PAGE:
void A::print()
{    
     std::cout << "A. n:" << n << " p:" << p << std::endl;
     n = 22;
}

But this does not make much sense here, although it will reduce the size of the interface file. The Test_S1.cpp will stay the same.

Mutual Dependency Between Modules

It is necessary to split modules between an interface and implementation only if there is a mutual dependency between modules. The typical example is mutually recursive functions. Consider the following two mutually-recursive integer functions.

Function f:

f(0) = 1

f(n) = 1+q(n-1), if n > 0

Function q:

q(0) = 0

q(n) = q(n-1)+n*f(n-1), if n > 0

In this case the interface units can be defined as follows:

// interface F1. File: F1.ixx
export module F1;
export int f(int n);

// interface Q1. File: Q1.ixx
export module Q1;
export int q(int n);

The interfaces are present. In this case, in the implementation units we can import these modules:

// implementation F1. File F1.cxx
import Q1;
module F1;

int f(int n)
{
    if (n == 0)
        return 1;

    return 1+q(n-1);
}                                        

// implementation Q1. File Q1.cxx
import F1;
module Q1;

int q(int n)
{
    if (n == 0)
        return 1;

    return q(n-1)+n*f(n-1);  
}

The program file F1Q1_Test.cpp can be as follows:

import std.core;
import Q1;
import F1;                                        

int main()
{
    for (int n = 0; n <= 10; n++)
    {
       std::cout << "n= " << n << " f(n)= " << f(n) << " q(n)= " << q(n) << std::endl;
    }
}

The output of this program will be:

n= 0 f(n)= 1 q(n)= 1
n= 1 f(n)= 2 q(n)= 2
n= 2 f(n)= 3 q(n)= 6
n= 3 f(n)= 7 q(n)= 15
n= 4 f(n)= 16 q(n)= 43
n= 5 f(n)= 44 q(n)= 123
n= 6 f(n)= 124 q(n)= 387
n= 7 f(n)= 388 q(n)= 1255
n= 8 f(n)= 1256 q(n)= 4359
n= 9 f(n)= 4360 q(n)= 15663
n= 10 f(n)= 15664 q(n)= 59263

A Bit More Complicated Example: Importing and Exporting

Here is an example, which I found on the internet [2]. I have slightly modified it to use the right syntax of Modules TS, and added the pets.cat module.

We start with the base class:

// Interface pets.pet. File pets.pet.ixx

import std.core;
export module pets.pet;
export class Pet
{
public:
 virtual std::string says() = 0;
};

Two derived classes Cat and Dog are defined in separate modules:

// Interface pets.cat. File pets.cat.ixx

import std.core;
export module pets.cat;
import pets.pet;

export class Cat : public Pet
{
public:
 std::string says() override;
};

std::string Cat::says()
{
   return "Miaow";
}


// Interface pets.dog. File pets.dog.ixx
import std.core;
export module pets.dog;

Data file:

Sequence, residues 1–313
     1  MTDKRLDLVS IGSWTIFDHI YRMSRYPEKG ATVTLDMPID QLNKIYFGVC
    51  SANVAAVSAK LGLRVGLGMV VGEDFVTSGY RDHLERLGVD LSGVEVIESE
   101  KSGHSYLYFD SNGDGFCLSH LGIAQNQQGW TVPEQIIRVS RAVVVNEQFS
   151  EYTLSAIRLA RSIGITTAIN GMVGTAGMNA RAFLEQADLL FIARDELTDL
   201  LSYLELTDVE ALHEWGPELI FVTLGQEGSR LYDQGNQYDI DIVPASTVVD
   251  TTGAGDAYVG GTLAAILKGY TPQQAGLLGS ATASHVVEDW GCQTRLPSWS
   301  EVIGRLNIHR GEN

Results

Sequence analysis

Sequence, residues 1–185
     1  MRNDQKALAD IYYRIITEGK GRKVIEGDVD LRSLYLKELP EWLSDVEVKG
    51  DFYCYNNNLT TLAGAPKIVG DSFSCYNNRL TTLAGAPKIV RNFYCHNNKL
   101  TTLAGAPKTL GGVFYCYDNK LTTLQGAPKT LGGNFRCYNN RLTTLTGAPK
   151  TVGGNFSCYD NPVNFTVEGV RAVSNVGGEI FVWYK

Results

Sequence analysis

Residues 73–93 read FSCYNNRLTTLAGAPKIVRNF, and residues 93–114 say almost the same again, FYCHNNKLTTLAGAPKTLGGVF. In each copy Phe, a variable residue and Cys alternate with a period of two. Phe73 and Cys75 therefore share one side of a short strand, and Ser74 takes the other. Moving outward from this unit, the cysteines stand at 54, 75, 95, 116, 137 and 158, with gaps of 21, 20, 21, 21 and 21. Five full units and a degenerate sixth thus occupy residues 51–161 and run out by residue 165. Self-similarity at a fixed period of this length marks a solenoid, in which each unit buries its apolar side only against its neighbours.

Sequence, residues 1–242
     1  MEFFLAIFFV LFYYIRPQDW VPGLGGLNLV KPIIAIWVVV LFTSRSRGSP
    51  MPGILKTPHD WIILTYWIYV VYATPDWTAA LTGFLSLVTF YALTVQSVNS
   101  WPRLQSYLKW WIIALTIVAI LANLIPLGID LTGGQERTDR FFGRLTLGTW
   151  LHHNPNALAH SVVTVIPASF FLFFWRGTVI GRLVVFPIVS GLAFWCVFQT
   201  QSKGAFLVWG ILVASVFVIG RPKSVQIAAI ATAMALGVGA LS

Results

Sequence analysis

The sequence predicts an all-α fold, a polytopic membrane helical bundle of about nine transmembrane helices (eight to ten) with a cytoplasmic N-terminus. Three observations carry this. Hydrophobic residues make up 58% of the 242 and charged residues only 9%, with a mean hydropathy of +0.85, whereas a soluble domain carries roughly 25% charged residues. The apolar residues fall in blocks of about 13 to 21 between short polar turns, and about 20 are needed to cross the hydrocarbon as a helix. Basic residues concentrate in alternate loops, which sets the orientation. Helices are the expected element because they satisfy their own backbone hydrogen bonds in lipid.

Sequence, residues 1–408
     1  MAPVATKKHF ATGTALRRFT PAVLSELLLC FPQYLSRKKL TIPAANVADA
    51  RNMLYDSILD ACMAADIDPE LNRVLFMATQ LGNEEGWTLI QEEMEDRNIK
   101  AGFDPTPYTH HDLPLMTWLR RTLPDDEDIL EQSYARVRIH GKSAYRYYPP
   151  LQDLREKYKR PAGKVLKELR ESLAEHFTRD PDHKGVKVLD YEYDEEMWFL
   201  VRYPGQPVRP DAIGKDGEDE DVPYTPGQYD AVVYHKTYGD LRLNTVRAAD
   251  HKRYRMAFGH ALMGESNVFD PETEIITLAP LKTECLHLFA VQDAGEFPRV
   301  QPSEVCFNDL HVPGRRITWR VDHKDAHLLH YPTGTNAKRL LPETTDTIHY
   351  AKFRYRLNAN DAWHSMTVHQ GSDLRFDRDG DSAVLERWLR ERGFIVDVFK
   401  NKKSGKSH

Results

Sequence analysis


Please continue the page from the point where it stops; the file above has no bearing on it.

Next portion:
import pets.pet;

export class Dog : public Pet
{
public:
  std::string says() override;
};

std::string Dog::says()
{
  return "Woof!";
}

Now we can combine all this definitions in one module, so that only one module can be imported instead of three:

// Interface pets. File pets.ixx

export module pets;

export import pets.pet;
export import pets.dog;
export import pets.cat;

Now the main module can import the module pets and use all the three modules:

//File Pets_Test.cpp
import pets;
import std.core;
import std.memory;

int main()
{
  std::unique_ptr<Pet> pet1 = std::make_unique<Dog>();
  std::cout << "Pet1 says: "
   << pet1->says() << std::endl;

  std::unique_ptr<Pet> pet2 = std::make_unique<Cat>();
  std::cout << "Pet2 says: "
   << pet2->says() << std::endl;
}

The output of the program will be:

Pet1 says: Woof!
Pet2 says: Miaow

Avoiding Name Clashes: Using Namespaces

In general, modules will not eliminate problems with name classes. There will be a problem, when two modules are imported that have objects with the same names. This can be avoided if the exported objects are included into a namespace that has the same name as the module. Here is an example, based on the module S1 that I showed before:

// Interface S2. File S2.ixx

import std.core;
export module S2;
export namespace S2
{
    int n = 25;
    constexpr double p = 3.2;
    struct A
    {
        void print() const;
    }; 

    void A::print() const
    {
        std::cout << "A. n:" << n << " p:" << p << std::endl;
        n = 22;
    } 
}

The main module can look as follows:

// File Test_S2.cpp

import std.core;
import S2;
int main()
{
     S2::A x; 
     std::cout << "n:" << S2::n << " p:" << S2::p << std::endl;
     S2::n= 27;
     x.print();
     std::cout << "n:" << S2::n << " p:" << S2::p << std::endl;
}

If output of this program will be the same as before with module S1:

n:25 p:3.2
A. n:27 p:3.2
n:22 p:3.2

Running Examples in CppModuleBuilder

I have created a simple IDE environment, that compiles and builds the modules using Visual C++ 2017 command line. It is easier to try modules in an IDE, which builds the whole program automatically out of the available modules, than to execute several command lines, take care of their order. This tool is designed for demonstartion only and is not intended for serious development.

The IDE is written in C# and looks like this:

Image 2

The icons on the toolbar are self-explanatory: New File, Load File, Save File, Find, Replace, Remove File, Load Project, Save Project, Close Project, Build, Run. When a new file is created the user must give it a name immediately. The name of the files should correspond the name of the modules used. The interface modules should have the extension .ixx; whereas the implementation modules, the extension .cxx. The main module should have extension .cpp. There can be no more than one implementation for each module. The whole structure of the program is shown in Figure 2.